Sewage Regulations - EN 12566-3 - EPP2
Sewage Treatment Plant - EN12566-3 UK Standard - Why it's a Bad Test
All discharges both to ground and water, from septic tanks and sewage treatment plants, either new or existing, will have to be registered with the Environment Agency under the new EPP2 regulations (6th April, 2010). All septic tank discharges to watercourse will be refused. Only plants with the EN 12566-3 will be accepted for the 'exemption'.
Why we think the EN 12566 is a bad test
European Standard EN 12566-3 "Small wastewater treatment systems for up to 50 PE"
Sewage Treatment Plant manufacturers now have to send their units to the Continent to be tested and certified for both tank and process performance over a period of 38 weeks. They come away with the EN 12566-3 2005+A1 2009 Certificate, which also allows them to be CE marked. CE marking for all construction products became mandatory on 1st July 2013. Without an EN Certificate, no sewage treatment plant or septic tank conversion unit can be CE marked and is illegal for sale in the UK, though some rogue manufacturers are still selling them to the unwary public. It also cannot be accepted by the Environment Agency under the new gEneral Binding Rules.
The old British Standard was the BS 6297 1983, but this is now superseded for package underground plants. The BBA Certificate also no longer applies.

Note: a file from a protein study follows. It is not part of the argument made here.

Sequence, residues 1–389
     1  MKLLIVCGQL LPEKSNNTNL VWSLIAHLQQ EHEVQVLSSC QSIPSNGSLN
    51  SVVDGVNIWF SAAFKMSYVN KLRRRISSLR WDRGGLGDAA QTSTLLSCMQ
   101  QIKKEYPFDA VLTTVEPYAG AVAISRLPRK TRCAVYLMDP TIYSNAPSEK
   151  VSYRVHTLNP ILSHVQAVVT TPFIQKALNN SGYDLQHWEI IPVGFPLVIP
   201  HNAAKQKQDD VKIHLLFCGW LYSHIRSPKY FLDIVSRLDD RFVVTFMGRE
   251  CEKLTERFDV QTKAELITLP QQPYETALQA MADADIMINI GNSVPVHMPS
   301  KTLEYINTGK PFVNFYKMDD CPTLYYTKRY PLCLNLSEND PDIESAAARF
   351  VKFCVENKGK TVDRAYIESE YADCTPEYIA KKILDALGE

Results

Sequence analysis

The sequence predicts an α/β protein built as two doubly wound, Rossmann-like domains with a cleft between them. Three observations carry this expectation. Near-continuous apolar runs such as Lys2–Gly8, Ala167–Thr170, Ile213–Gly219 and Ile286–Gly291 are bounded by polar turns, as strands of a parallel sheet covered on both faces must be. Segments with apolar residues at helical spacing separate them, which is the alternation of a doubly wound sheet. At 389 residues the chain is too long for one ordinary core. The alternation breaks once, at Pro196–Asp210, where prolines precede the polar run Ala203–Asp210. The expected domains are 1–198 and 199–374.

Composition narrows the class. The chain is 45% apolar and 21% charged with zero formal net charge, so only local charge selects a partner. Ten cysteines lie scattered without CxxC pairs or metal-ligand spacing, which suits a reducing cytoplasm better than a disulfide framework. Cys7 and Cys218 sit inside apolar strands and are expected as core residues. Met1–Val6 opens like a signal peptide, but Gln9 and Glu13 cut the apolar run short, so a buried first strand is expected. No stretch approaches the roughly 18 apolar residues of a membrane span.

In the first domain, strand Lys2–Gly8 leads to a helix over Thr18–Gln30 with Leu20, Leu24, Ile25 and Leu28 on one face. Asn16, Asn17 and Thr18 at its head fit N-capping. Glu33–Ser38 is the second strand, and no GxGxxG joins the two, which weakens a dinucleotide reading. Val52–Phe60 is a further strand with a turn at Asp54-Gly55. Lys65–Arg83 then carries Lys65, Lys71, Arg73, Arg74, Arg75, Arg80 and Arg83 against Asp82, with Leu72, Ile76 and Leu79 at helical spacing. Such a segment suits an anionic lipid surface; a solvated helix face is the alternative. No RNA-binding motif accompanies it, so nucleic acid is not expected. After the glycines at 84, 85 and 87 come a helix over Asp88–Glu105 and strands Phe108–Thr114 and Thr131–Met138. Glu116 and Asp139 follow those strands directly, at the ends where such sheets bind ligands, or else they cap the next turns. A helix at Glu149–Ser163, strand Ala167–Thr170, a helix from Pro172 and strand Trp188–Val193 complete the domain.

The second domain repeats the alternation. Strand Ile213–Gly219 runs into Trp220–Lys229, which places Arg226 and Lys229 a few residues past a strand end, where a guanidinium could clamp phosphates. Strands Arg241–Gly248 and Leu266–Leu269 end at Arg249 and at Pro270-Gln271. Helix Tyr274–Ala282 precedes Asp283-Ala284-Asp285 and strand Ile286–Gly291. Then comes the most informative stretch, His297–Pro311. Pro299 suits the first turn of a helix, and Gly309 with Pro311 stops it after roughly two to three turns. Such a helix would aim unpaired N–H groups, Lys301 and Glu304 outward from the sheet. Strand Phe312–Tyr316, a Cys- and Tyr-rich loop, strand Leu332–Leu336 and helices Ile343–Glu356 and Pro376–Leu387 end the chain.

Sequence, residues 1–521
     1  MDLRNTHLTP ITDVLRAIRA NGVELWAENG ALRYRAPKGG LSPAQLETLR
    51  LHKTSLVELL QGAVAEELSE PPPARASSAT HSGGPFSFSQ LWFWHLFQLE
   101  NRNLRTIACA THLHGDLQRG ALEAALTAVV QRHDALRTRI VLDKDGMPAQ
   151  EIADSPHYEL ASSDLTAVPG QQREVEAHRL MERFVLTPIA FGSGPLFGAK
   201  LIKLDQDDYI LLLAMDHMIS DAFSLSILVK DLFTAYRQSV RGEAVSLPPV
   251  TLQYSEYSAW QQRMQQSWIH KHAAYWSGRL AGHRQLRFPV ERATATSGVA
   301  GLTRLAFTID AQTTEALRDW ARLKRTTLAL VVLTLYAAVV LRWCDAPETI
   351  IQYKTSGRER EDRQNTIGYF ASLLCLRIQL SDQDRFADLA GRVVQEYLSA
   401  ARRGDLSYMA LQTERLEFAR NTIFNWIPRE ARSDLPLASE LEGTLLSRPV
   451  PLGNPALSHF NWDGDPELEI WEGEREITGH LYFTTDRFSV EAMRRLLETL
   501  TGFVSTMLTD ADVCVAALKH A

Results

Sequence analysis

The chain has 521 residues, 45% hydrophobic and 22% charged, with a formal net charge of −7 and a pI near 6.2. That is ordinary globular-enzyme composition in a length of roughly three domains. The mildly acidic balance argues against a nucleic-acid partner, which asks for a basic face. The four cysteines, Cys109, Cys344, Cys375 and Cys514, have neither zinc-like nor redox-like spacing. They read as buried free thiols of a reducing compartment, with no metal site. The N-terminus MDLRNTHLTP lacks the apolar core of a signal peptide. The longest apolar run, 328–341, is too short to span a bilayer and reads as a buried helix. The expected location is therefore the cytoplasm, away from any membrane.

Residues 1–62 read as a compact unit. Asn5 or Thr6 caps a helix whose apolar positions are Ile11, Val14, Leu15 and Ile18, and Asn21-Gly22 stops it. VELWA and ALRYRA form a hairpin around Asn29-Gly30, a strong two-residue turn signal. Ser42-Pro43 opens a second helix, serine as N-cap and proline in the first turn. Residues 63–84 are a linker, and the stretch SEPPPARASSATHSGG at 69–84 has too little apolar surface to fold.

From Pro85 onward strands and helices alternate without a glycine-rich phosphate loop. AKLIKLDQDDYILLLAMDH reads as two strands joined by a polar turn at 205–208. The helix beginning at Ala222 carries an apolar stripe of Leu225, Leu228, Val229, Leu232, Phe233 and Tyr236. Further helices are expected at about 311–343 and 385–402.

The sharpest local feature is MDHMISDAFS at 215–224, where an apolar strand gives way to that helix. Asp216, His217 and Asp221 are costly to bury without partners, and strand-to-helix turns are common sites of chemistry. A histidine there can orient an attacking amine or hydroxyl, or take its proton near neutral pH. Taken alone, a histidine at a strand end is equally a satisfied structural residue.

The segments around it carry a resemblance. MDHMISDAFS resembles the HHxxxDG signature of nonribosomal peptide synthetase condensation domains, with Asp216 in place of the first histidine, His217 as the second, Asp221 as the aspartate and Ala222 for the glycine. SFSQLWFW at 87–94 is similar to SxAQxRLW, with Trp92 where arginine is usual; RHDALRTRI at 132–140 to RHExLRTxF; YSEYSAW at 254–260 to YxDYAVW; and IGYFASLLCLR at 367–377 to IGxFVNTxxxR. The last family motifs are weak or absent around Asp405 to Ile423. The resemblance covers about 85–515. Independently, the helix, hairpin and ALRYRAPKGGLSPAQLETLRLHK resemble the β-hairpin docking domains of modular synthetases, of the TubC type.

Confusion Surrounding the EN 12566 Standard
The EN 12566-3 2005, which was supposed to be a 'harmonised' test across all EU member states, in order that sewage plants could be traded freely across Europe, is no longer accepted by some EU countries. France and Ireland now require a separate, more stringent EN test and Germany - where the major EN test centre is situated - also has its own test criteria. Crystal Tanks supports them in this action, as, in our opinion, the EN 12566-3 2005 is a flawed test that was badly thought out.
Why we think that the EN 12566-3 is a Ridiculous Test
You would think that a test for CE marking would be a set test, like an 'A' level, where every plant sits the same 'exam'? - NO. Each manufacturer is free to choose the following:
The strength of the sewage
The amount of the sewage treated per day
How long the plant has for its 'start-up' period
The number of persons that the plant is designed to serve
Many manufacturers have changed things since they obtained the EN Certificate. Some have reduced the size of the compressors as they now buy cheap, Chinese manufactured blowers, resulting in plants that are not the same as were tested. Other manufacturers have changed the tank - both in materials and methods of manufacture - resulting in tanks that are no longer watertight or strong enough. In theory, ANY change must result in the plants undergoing a re-test, but this does not happen in practise and many plants that are currently on the market with an EN Test Certificate would not pass if they were tested in the same form that they are now sold.
It is like having an 'A' level exam where everyone can choose their own degree of difficulty, subject matter, number of questions, the time allowed for revision and be allowed to alter the answers afterwards if it suits them.
No two plants, sold as the same size, undergo the same test. Yes, it is ridiculous. What is more ridiculous is that there is no 'fail' mark level as the test only determines the 'percentage reduction in influent (sewage going in) pollutants', so, in theory, if you filled a bucket with sewage, allowed it to settle and poured off the liquor, the bucket would be given an EN 12566-3 2005 Certificate and classed as a sewage treatment plant as it had reduced the percentage of influent pollutants! It would then be Legal in the UK!